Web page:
- The Thunder and Russell Westbrook are open to finding the right trade partner but is Miami the right fit for the All-Star? The Crossover dives into the latest rumors.
It didn’t take long after trading Paul George for the Thunder to then look into the next logical step: Trading franchise icon Russell Westbrook. Oklahoma City is obviously angling to rebuild over the next few years after trading an MVP finalist for a bushel of draft picks, and both the Thunder and Westbrook are reportedly on the same page about finding a new home for the feisty point guard. One of the teams rumored to be interested in Westbrook is the Heat, which is unsurprising considering Pat Riley’s affinity for wayward stars (like Jimmy Butler.) With four seasons left on Russ’s contract, should the Heat pull the trigger on acquiring one of the game’s most polarizing players? Well, it’s complicated.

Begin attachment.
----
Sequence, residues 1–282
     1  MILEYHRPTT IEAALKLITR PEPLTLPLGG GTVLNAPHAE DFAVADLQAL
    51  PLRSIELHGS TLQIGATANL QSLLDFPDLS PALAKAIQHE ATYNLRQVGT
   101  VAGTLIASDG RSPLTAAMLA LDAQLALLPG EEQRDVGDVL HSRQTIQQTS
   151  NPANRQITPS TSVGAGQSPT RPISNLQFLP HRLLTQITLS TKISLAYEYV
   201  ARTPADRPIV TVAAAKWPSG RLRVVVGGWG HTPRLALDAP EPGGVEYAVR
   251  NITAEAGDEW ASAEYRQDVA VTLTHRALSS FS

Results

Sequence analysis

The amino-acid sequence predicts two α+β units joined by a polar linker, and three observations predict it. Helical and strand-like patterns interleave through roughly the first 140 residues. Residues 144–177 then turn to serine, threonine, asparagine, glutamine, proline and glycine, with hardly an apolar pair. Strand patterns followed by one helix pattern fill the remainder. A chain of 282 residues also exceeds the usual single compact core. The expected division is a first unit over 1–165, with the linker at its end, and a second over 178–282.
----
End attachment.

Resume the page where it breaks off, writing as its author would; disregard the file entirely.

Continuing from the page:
Determining what Westbrook is worth will be the biggest challenge for any team trying to acquire him. Russ has averaged a triple double for three straight seasons, yet his impact on winning is still clouded by his inefficiency and poor shot selection. For three straight years, Russ has shot over 20 field goals per game with an effective field-goal percentage under 48%. In 2018, he shot 4.1 threes per game and connected on only 29.8% of them. He followed that up by shooting 5.6 threes per game in 2019...and connecting on an even worse 29%.
The last time we saw Westbrook, he was being thoroughly outplayed by Damian Lillard in what was Russ’s third straight exit in the first round of the playoffs. Westbrook averaged 22.8 points per game in the Thunder’s six-game loss to the Blazers, shooting 36% from the field.